Front Wing Interactions on a Racecar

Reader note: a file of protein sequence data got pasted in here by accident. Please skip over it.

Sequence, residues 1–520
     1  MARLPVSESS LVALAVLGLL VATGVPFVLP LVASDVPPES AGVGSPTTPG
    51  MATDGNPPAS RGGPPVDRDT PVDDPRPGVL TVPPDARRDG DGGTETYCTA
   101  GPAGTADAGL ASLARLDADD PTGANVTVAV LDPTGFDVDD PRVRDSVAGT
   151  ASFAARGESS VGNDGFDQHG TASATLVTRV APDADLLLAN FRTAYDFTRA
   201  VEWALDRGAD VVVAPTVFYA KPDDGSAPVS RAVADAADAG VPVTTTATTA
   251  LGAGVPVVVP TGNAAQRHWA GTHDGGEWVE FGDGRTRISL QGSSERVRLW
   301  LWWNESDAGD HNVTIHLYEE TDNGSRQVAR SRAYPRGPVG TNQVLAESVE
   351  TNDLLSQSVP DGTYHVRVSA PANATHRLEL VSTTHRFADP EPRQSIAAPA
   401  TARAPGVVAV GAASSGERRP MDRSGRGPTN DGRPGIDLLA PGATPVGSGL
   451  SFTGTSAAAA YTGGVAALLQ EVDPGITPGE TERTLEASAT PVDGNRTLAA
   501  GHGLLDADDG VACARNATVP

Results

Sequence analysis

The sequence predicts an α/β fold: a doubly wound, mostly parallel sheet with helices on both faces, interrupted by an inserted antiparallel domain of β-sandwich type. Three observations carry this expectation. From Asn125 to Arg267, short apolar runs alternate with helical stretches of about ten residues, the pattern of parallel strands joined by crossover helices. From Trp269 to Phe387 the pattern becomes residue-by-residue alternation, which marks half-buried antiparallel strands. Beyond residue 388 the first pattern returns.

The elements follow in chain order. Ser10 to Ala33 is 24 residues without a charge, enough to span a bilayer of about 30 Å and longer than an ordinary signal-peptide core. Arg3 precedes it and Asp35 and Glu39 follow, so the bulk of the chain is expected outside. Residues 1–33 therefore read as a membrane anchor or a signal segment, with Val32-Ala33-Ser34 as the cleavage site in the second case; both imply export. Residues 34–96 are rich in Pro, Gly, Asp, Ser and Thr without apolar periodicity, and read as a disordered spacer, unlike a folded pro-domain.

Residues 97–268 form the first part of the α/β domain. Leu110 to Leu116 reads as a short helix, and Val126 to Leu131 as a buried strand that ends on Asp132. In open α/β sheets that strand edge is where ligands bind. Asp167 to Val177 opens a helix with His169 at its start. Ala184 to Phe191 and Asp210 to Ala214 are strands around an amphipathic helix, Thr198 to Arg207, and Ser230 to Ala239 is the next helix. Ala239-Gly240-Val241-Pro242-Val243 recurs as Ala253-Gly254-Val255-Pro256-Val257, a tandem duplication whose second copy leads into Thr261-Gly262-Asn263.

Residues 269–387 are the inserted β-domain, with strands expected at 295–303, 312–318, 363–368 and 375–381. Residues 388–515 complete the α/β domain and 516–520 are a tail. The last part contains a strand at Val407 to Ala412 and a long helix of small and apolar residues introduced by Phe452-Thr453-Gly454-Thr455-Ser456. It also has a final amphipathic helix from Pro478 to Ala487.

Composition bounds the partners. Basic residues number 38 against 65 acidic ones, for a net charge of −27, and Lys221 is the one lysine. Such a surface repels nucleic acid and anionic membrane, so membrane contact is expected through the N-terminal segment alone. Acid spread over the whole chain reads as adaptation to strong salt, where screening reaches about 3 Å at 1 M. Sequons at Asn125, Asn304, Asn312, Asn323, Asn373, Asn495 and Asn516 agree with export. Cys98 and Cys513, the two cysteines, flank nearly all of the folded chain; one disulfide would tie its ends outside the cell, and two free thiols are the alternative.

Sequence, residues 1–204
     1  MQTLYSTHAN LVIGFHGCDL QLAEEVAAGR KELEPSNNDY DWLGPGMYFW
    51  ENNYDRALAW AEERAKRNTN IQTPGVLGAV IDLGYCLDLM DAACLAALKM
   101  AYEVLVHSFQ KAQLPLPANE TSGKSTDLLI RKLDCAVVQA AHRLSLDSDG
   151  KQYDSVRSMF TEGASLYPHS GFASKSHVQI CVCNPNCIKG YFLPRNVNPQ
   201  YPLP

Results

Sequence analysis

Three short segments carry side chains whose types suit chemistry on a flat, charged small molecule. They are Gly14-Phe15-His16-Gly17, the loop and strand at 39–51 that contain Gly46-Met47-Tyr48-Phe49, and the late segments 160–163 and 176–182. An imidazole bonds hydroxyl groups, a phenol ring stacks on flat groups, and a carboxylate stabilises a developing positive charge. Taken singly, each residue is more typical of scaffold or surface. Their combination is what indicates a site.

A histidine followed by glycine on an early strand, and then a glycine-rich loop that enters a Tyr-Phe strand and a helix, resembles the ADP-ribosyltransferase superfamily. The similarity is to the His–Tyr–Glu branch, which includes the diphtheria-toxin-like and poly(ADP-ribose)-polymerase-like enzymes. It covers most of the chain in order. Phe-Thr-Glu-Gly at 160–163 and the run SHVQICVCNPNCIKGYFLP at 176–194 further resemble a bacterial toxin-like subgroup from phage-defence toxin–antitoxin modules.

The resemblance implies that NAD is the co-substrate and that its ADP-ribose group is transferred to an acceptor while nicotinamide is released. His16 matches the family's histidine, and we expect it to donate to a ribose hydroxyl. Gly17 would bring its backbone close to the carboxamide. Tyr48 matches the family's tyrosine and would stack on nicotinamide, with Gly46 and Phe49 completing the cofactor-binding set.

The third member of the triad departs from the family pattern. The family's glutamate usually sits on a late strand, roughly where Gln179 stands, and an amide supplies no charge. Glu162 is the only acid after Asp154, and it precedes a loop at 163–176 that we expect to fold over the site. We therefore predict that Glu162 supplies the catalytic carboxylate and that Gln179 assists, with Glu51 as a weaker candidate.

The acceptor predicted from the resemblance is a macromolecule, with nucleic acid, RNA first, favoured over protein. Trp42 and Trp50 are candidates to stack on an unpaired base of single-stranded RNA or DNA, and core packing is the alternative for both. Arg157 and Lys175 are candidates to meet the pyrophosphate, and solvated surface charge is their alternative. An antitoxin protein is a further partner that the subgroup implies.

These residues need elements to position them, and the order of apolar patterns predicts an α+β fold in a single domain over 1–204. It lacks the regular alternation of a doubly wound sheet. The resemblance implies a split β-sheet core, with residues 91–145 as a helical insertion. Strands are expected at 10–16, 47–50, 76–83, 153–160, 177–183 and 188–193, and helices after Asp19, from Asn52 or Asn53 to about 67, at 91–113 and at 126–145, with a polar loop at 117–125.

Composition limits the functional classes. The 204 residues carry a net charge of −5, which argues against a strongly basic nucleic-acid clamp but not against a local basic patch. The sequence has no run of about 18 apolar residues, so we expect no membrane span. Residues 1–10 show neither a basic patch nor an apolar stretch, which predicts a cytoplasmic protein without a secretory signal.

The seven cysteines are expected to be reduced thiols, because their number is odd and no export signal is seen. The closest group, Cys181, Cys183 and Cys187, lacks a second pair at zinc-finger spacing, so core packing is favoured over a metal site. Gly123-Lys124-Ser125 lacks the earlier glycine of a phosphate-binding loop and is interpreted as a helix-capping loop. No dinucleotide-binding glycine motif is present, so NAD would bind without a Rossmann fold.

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A multi-element front wing of a formula student car was analyzed using the Computational Fluid Dynamics (CFD) software STAR-CCM+. A number of cases were simulated in steady state to get an understanding of the interaction between the wing, the front wheels, the car body (monocoque) and the ground. Three different flap settings were simulated in three different heights in combinations with and without the following elements: Front wheels, monocoque, ground, front wing. The SST k-omega turbulence model was used with a polyhedral mesh. Chord Reynolds numbers were between 545 000--600 000.It was found that both the front wing operating isolated from other components and the wing operating in interaction with the front wheels and the monocoque responded with increased downforce in ground effect. Optimal ground height was dependent on flap setting: The mild configuration did not stall at any of the simulated heights, while the flaps on the aggressive configuration stalled close to the ground in the isolated case. Ground effect improved the downforce produced by the wing in free stream by up to 50.7%.Comparisons of the wing in mild and high downforce settings were done with and without the wheels. The wing-wheel interaction reduced the downforce produced in the mild flap angle setting by 20.5% by obstructing the flow, but increased the downforce of the high flap angle setting by 2.2% by introducing surface normal adverse pressure gradients, preventing boundary layer separation. The wing-monocoque interaction increased downforce in all simulated cases. The monocoque caused increased velocity and suction on the bottom of the symmetric center section, thus reducing the 3D effects across the span toward the high-downforce section. This contributed to enhanced sectional lift coefficient along the complete span, increasing downforce produced by the wing with low flap angles and wheels behind by 14.3% and correspondingly for the high flap angle an increase of 10.8%.